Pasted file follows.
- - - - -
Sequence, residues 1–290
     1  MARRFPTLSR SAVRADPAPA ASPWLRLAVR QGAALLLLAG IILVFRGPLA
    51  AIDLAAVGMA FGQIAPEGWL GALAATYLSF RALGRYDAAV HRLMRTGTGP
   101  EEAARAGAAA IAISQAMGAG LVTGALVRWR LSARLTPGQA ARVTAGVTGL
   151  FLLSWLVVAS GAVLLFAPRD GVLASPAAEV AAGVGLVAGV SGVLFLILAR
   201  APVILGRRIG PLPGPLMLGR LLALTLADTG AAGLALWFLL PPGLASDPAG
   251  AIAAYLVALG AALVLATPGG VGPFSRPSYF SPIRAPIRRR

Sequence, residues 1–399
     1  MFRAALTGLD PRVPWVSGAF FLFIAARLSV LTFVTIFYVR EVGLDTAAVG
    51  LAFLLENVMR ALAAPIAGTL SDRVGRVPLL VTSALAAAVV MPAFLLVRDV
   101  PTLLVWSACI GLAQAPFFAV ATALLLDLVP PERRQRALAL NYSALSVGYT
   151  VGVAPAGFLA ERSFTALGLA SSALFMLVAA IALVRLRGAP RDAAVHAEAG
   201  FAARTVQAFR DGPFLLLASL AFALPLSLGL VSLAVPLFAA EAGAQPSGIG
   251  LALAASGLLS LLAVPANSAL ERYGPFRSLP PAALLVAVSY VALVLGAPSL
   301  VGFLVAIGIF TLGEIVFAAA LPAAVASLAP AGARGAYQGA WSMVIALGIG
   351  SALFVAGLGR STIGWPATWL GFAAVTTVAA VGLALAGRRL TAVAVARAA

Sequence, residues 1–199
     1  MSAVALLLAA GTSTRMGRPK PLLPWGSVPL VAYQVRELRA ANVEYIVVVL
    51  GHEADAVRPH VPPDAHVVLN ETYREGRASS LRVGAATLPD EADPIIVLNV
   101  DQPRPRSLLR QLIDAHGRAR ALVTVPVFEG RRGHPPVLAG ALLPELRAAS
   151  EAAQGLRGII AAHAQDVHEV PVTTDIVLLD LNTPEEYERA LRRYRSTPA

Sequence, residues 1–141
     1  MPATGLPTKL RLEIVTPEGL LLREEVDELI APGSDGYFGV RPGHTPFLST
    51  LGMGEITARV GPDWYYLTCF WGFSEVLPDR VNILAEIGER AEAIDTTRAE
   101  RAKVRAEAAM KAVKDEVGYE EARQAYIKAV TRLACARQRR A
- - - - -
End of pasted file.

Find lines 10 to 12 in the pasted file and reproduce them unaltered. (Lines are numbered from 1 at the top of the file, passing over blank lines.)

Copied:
    51  LAFLLENVMR ALAAPIAGTL SDRVGRVPLL VTSALAAAVV MPAFLLVRDV
   101  PTLLVWSACI GLAQAPFFAV ATALLLDLVP PERRQRALAL NYSALSVGYT
   151  VGVAPAGFLA ERSFTALGLA SSALFMLVAA IALVRLRGAP RDAAVHAEAG